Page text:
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Envirocare of Utah, Inc. v. Nuclear Regulatory Commission

194 F.3d 72 (1999)

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Envirocare of Utah, Inc. v. Nuclear Regulatory Commission

United States Court of Appeals for the District of Columbia Circuit

194 F.3d 72 (1999)

Facts

Envirocare of Utah, Inc. (Envirocare) (plaintiff) was the first facility licensed to dispose of radioactive waste from offsite sources. When Quivira Mining Company and International Uranium (USA) Corporation applied for licenses, Envirocare tried to intervene in both licensing proceedings and requested a hearing. Envirocare claimed that neither applicant had to meet licensing standards as strict as those Envirocare met, and applying laxer regulations put Envirocare at a competitive disadvantage, harming it economically. The Licensing Board rejected Envirocare’s requests, and the Nuclear Regulatory Commission (defendant) affirmed in both cases. In Quivira’s case, the commission found that Envirocare lacked prudential standing to intervene because its purely economic interest in policing a competitor’s licensing requirements did not fall within the zone of interests that trigger hearing and intervention rights under the Atomic Energy Act (AEA). A few months later, the commission reached the same conclusion in International Uranium’s case. The commission clarified that judicial standing doctrines do not apply in the administrative context because regulatory commissions are not Article III courts, but concluded that Congress intended the AEA hearing and intervention provisions to protect interests other than keeping a competitor from gaining pecuniary advantages. Envirocare petitioned for review.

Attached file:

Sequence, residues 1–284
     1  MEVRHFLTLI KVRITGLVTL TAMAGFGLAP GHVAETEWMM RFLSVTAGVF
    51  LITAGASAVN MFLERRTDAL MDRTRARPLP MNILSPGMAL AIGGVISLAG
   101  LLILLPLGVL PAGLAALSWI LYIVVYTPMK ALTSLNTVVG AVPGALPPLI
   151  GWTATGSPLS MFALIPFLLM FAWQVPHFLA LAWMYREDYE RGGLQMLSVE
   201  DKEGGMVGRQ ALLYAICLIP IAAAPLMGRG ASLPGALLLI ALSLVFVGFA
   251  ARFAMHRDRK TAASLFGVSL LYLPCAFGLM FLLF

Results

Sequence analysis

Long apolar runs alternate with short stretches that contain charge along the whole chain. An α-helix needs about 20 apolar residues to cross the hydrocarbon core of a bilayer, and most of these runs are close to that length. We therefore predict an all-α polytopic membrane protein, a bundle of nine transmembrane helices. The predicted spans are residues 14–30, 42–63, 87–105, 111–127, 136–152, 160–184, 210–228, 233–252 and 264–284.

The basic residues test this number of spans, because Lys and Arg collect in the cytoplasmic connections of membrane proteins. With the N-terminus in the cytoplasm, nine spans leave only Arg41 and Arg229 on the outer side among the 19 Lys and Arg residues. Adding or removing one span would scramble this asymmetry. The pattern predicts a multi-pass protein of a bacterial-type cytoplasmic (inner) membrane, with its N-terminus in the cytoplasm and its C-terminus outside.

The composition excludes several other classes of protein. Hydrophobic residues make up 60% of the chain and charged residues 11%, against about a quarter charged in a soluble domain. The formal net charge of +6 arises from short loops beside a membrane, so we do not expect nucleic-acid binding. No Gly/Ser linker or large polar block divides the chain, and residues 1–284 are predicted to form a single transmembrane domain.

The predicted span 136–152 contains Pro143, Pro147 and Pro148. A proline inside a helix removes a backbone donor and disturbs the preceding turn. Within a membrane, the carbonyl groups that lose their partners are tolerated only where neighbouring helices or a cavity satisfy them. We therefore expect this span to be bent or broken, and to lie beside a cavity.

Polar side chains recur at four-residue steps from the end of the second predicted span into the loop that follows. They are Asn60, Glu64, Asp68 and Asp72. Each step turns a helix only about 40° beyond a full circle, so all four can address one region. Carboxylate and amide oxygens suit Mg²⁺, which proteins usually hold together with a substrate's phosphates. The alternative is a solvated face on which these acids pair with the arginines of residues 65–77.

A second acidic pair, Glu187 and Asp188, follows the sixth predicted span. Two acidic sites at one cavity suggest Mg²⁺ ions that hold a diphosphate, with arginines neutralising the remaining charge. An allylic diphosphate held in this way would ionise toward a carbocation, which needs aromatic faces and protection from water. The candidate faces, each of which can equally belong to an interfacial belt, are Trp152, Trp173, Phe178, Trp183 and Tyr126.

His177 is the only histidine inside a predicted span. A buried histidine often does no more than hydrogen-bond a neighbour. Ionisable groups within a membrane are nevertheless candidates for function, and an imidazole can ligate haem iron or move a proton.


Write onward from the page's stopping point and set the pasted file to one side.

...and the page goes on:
Rule of Law

Issue

Holding and Reasoning (Randolph, J.)

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